Greece has Crappy Keyboards Too

Ahh, the Greek Islands…

How I have wanted my whole life to come and see them…to hop from rock to rock…feel the history…breathe the air…gaze at the mountains that seem to grow right out of the sea…set sail on the many ferry boats that take you from Island to Island. Well, here I am.

I arrived this morning on the Greek Island of Samos, which is only about a 2-hour boat ride from Turkey. You can still see the Turkish coast in the distance, so it’s not really that far of a trip, but it’s definitely a different country! I could sense that immediately, as our tiny boat sailed into the port of Samos Town, Samos. The town sits on the slope of a hill that leads down to a U-shaped bay that serves as the island’s main harbor. What an amazing site it was to stand on the bow of the boat, with the wind blowing in my face and see the quaint, white houses with red roofs….it’s a very Greek feeling…if you can understand that….and hey, what a coincidence…it’s Greece!

I ran into a guy on the dock that I have been running into all over Turkey…and now here.  His name is Jonathan, and he’s from San Francisco. So we ended up hangin out around town for a few hours and treated ourselves to a Gyro (I am sure you know of this Greek standard), and a stroll through the back streets of this small town. The weather is great and I feel very alive and excited to be in Greece! This afternoon, in about an hour, I will be boarding another ferry that will take me to Mykonos, an island that many have suggested I visit, so I will; thus, begins my voyage across the Aegean Sea.

So what have I been doing for the last few days? I have been in Selcuk, Turkey…as I stated in my last email. This is a town on the Aegean coast and a good base from which to see the ruins of ancient Ephesus, a very significant Greek city of biblical times, where many events of Christian importance took place. Paul the Apostle spent much time preaching there, as well as St. John, who lived out his life and was buried there, as well as Mary, mother of Jesus, whose house you can actually visit – well, uh, so they say.

I arrived in Selcuk and checked into the best hostel I have ever stayed in – The Artemis Guest House. I have never met more friendly hosts who went out of their way to make me feel welcome and included. Plus, I had my own room and my own bathroom, with hot water! What a blessing! I also ran into Jonathan there, mentioned above. We first met in Istanbul, and then again in Pamukale…so I wasn’t surprised to see him in Selcuk, or Samos for that matter. The next day I was supposed to go on a tour of Ephesus, but my travel agent called and told me it was canceled, because I was the only one who signed up! That’s the low season for ya. But lucky for me there was another tour the next day, so I signed up for that instead. That meant I had a day to kill in Selcuk.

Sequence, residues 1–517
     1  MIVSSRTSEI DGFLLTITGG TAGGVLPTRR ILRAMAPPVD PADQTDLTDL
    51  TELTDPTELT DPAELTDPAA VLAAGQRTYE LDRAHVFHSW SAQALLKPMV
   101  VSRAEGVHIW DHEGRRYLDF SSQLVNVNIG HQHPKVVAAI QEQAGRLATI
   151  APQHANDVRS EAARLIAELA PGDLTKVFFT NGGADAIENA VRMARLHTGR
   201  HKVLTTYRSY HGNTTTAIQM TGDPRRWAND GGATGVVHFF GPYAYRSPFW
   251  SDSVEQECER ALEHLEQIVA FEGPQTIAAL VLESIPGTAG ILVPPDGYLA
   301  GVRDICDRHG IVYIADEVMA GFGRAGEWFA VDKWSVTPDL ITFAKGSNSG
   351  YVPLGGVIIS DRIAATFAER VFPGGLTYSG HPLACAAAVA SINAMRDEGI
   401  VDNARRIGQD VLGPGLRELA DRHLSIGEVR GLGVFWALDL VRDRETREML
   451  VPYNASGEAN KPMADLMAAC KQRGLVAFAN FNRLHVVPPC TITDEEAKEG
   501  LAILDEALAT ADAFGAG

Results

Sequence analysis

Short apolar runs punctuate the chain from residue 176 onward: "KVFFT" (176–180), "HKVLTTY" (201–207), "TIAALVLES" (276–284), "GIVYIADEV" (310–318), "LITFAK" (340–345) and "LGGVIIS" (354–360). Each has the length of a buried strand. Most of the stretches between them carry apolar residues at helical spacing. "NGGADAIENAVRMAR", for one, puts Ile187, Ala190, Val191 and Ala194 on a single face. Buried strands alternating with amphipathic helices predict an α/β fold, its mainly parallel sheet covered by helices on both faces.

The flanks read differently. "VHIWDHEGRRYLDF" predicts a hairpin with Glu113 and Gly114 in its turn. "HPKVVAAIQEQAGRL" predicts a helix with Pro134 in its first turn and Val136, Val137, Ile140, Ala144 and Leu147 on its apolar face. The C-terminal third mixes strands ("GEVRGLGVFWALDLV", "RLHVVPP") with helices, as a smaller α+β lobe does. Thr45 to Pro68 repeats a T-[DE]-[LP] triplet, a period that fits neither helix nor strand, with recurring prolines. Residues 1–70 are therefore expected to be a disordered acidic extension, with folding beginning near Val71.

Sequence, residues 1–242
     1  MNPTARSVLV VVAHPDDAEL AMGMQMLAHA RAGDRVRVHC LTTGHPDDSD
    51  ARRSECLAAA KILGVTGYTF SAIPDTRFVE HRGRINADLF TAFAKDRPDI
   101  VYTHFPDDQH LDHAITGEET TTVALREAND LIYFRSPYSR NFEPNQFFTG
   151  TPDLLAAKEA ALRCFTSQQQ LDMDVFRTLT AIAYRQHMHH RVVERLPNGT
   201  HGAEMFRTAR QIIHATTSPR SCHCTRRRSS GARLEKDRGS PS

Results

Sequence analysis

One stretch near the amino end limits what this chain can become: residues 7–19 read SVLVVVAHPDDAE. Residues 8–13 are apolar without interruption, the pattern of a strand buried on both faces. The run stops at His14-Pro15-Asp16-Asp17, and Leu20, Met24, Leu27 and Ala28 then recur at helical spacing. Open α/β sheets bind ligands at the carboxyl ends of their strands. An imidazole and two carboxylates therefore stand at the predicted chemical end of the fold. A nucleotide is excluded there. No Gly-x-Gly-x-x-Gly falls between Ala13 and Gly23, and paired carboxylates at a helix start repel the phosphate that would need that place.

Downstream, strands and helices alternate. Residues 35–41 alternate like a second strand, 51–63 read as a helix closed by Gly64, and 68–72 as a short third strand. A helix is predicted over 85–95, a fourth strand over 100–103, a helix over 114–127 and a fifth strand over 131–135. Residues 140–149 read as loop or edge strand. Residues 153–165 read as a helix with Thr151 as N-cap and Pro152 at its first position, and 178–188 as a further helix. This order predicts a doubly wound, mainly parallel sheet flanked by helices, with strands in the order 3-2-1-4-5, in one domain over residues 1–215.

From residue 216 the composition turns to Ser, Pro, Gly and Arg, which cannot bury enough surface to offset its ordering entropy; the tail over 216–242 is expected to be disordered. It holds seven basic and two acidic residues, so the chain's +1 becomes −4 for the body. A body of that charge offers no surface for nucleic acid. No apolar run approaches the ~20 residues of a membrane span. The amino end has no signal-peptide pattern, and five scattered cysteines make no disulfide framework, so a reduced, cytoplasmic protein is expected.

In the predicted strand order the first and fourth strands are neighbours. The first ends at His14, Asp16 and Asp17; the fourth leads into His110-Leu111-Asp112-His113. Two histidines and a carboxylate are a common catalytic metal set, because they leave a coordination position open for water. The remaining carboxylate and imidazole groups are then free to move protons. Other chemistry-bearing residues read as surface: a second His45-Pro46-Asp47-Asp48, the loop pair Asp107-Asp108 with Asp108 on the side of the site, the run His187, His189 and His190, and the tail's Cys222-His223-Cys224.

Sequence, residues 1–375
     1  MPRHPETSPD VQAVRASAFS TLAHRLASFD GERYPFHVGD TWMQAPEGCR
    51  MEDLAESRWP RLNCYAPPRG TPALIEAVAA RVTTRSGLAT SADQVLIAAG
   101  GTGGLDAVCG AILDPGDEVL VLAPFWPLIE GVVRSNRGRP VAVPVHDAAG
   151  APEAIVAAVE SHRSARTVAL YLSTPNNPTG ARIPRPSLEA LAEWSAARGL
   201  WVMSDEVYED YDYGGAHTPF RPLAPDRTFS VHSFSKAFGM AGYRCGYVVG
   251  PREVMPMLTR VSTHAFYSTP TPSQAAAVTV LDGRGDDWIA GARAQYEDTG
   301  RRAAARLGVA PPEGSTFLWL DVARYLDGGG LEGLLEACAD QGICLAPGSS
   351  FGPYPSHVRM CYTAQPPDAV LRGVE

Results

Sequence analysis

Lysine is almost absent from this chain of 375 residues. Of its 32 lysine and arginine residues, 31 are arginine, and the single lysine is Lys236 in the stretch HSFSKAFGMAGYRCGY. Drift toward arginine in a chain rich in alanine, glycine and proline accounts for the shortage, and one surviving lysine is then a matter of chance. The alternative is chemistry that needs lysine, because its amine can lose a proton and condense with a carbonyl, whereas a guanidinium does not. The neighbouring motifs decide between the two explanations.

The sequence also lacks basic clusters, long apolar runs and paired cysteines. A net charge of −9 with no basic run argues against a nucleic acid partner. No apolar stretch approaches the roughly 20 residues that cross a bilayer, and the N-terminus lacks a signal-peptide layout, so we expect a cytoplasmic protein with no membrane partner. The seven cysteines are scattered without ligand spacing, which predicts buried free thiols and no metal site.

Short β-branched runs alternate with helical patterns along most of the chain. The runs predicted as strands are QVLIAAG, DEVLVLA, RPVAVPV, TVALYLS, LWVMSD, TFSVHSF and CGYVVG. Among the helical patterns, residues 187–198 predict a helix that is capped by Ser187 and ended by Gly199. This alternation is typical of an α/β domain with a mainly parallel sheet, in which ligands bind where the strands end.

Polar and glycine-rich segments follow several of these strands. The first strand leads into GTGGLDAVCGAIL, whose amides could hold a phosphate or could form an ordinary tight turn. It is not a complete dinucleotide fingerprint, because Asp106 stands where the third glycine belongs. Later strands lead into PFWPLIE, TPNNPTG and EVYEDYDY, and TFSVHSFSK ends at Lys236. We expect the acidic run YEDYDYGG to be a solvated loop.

The next day I decided I had to have a souvenir of Turkey and since I have been getting into playing chess. I decided to get a nice chess board with wooden pieces….and since my friend Henry wanted one too, I got him one as well and shipped them both to New Jersey (uhh…Henry…you owe me, son). The whole procedure of shipping something was a huge hassle, and it will take about 3 months for it to arrive, because it’s going by boat.  The shipping cost more than the chessboard!

The first night in Selcuk, I met two Canadians and an Australian fellow, and we all hung out till the wee hours of the morning indulging in Turkish beer and getting silly. When I revealed that I had a guitar, it was the start of a big ruckus. The Australian guy knew every song ever written, so we sat around for hours singing Counting Crows songs…his favorite band, and a favorite of mine as well. We developed quite an audience of the entire hostel and their neighbors and I became famous in the small town….so much so that the next day I went out into the main square and did a little concert for the locals….picture lots of old Turkish men sitting around drinking tea and playing backgammon, thinking to themselves “who the hell is this?” It ended when someone offered to sell me drugs, and I thought to myself, “Hmmm, Turkish prison?  Uhh, no thanks.”  End O’ Concert.

Next day I toured the ruins of Ephesus, which are quite well preserved and astounding.  You can walk down the ancient streets paved with marble, go into what’s left standing of the ancient library, which once housed many ancient documents, subsequently destroyed by religious zealots. Shame. Roman columns line the streets and you can see where the houses and baths once stood. There is a giant amphitheatre dating back 2000 years, which is still in use today…recently played by Tina Turner. In the afternoon, the tour brought us to the house of the Virgin Mary where she supposedly lived out her life. It’s at the top of a mountain, reachable only by a very windy road, but Mary had a hell of a view in her old age. You can see all the way to the coast, as well as the entire valley and region around Selcuk for miles…or should I say kilometers….

After Mary’s shack, we went to the tomb of St. John, which is nothing more than a pile of rubble.

After the tour was over, I bought a Turkish carpet. Well, my friend Mohammed was begging me to get one for him, so I obliged. As I am sure I have stated in previous emails, the Turkish Carpet industry is crazy here. There are soooo many shops and soooo many guys trying to sell carpets that it’s hard to know who is for real and who is just trying to rip you off.  I ended up getting it through the hostel which has a store……after about four hours of viewing rug after rug and finally haggling frustratingly….Mohammed is the proud owner of a very nice rug.

Well, my thumb is tired from the space bar on this Greek monstrosity of a keyboard….and I have to catch my ferry to Mykonos…so I will sign off. Some of you people have not written to me in a while. No excuses!!

Jared